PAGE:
Do I Need to File for a Trademark? – Transcript

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[Intro Music] This is Office Talk with Annette Stepanian.


Hey, welcome back. This is Annette and I’m back with another legal quickie episode where I answer commonly asked questions about the law in about 10 minutes or less. This week’s question is all about trademarks. And particularly – Do I need to file for a trademark? If for some reason you don’t know what a trademark is, I’m going to first dive in and talk to you about what that is, what the difference is, as it compares to copyrights and patents. But then I’m going to answer the question, when should you really determine if filing a trademark application is right for you?

So the first question is, what is a trademark? So I see a lot of confusion amongst folks about the differences between copyrights and trademarks, and patents. And the reality is that all three of those elements, they constitute something called intellectual property. So they all fall under this big intellectual property law umbrella. However, they each govern different types of work. And they each have their own sets of laws.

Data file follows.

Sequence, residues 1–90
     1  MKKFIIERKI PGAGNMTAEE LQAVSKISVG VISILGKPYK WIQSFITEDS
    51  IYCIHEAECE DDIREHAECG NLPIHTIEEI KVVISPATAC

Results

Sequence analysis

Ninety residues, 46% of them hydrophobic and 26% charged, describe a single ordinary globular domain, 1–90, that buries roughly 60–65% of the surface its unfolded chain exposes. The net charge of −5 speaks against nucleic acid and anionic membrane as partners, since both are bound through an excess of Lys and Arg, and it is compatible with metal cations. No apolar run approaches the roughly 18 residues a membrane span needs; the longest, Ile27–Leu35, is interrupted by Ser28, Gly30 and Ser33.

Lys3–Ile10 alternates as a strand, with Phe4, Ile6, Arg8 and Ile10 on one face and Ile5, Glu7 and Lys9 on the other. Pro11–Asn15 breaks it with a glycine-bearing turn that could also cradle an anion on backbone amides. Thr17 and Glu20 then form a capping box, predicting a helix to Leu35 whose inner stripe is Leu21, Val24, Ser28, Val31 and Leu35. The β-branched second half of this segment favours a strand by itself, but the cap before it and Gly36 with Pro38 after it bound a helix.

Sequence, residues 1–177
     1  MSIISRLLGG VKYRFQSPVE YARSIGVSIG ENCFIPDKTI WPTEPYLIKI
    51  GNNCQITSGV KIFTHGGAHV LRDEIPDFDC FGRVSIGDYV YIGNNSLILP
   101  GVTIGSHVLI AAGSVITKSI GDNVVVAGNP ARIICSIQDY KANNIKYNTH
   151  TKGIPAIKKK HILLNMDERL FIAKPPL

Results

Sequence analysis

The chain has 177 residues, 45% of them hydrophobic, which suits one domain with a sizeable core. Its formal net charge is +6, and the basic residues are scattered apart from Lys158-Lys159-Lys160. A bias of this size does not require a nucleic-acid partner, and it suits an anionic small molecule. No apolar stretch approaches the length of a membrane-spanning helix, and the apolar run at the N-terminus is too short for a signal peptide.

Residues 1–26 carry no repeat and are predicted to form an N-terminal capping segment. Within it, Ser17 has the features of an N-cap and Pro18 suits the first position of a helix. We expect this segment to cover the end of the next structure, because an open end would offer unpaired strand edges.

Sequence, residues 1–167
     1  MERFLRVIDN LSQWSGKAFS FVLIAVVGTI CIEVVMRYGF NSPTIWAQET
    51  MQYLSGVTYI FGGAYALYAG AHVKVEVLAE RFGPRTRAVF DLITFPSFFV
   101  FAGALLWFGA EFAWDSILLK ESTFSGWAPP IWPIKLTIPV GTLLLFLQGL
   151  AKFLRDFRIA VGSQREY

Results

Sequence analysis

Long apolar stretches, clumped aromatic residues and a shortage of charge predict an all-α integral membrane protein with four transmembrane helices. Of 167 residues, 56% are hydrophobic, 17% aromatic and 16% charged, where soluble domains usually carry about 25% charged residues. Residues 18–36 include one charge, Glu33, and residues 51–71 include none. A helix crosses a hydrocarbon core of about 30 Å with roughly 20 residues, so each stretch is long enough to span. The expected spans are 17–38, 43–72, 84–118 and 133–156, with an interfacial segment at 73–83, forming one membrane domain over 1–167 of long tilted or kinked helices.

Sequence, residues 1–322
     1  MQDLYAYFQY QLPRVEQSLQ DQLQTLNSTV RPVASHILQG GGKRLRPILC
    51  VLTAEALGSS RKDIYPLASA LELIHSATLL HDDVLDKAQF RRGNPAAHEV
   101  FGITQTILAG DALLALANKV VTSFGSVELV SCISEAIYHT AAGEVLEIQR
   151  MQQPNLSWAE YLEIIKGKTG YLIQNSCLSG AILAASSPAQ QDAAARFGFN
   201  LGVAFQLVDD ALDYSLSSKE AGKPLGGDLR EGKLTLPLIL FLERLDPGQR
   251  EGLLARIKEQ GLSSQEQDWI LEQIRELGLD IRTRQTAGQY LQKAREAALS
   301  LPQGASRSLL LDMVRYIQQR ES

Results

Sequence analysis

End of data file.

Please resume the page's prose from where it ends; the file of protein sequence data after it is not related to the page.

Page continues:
Trademarks, in particular, I like to think of those as really protecting your brand elements. So think of your logo, your slogan, your name. And I always use this example, I use the Nike example, because most of us have interacted with that brand at some point or another. But if you think about Nike, as the brand name, that swoosh that we have seen and grown so accustomed to that is the logo, and just do it is their slogan. So those are all elements that we would want to protect under trademark law, because one of the reason that trademarks exist is to prevent customer confusion about those products or services in the marketplace, right? You know, you as a business owner, you are investing in your brand, you’re trying to create some sort of goodwill, so that people when they see your logo, or they see your brand name, or they hear your slogan, they know that just do it, for example, is associated with Nike’s products and not somebody else’s products.

Now, there may come a point in time when you determine – “hey, I really want to really protect my work”  – when it comes to my mark, whether it’s your logo, your slogan, or your name. So the question inevitably comes up is, you know, when is a good time for me to file a trademark application in my business? You know, or do I even need to do one?